“I don’t know quite what to make of it.”
This is Emily Fox Gordon’s take on feeling fulfilled, at the age of 66, in the thrall of “a sturdy contentment” that is not solely about achievement. In her Opinion essay in the New York Times, she calls the gift of fulfillment a surprise, “an outlandishly oversized gift,” while at the same time acknowledging what one must have spent in order to feel it: many years lived.
“One must have lived most of a standard lifetime,” she writes, “and be inclined to assess it.”
In the essay, this famous essay writer writes:
How does fulfillment feel? To me, it’s quite pleasant, a mixture of satiety, amusement and tenderness. I look out at the world through it, much as I imagine those Regency dowagers in Jane Austen’s novels did, the old crows who sat back a little from the dance floor. I never imagined that they envied the dancers, but now I suspect they were enjoying themselves more than the young people they observed. They had one another to whisper to, and they had that rare and privileged thing, an unobstructed view.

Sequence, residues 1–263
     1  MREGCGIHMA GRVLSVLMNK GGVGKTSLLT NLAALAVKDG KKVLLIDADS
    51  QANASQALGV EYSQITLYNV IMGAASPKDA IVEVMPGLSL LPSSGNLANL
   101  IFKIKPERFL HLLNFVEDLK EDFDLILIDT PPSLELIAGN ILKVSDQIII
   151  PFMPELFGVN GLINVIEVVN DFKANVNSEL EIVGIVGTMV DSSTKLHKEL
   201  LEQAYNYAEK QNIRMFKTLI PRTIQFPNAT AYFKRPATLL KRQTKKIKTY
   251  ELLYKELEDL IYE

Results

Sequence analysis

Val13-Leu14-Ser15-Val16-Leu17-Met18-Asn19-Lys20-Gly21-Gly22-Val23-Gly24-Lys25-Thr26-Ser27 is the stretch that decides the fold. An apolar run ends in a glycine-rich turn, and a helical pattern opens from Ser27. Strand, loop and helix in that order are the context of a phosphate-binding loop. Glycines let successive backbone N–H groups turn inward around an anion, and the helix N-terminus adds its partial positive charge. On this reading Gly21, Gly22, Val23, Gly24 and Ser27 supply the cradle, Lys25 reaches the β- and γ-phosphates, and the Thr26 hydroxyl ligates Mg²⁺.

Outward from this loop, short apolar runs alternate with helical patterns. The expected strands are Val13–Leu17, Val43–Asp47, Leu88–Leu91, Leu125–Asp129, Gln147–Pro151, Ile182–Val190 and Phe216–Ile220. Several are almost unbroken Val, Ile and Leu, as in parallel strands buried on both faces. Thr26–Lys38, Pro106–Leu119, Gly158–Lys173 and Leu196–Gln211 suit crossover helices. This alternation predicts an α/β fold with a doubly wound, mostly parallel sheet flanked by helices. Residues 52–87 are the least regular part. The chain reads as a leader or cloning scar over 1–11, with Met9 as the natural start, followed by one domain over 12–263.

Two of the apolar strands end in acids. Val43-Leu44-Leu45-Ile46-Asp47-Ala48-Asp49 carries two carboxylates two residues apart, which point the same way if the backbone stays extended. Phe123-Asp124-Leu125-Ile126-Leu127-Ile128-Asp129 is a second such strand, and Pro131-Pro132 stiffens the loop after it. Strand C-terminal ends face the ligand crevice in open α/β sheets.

To read the essay in its entirety, click HERE.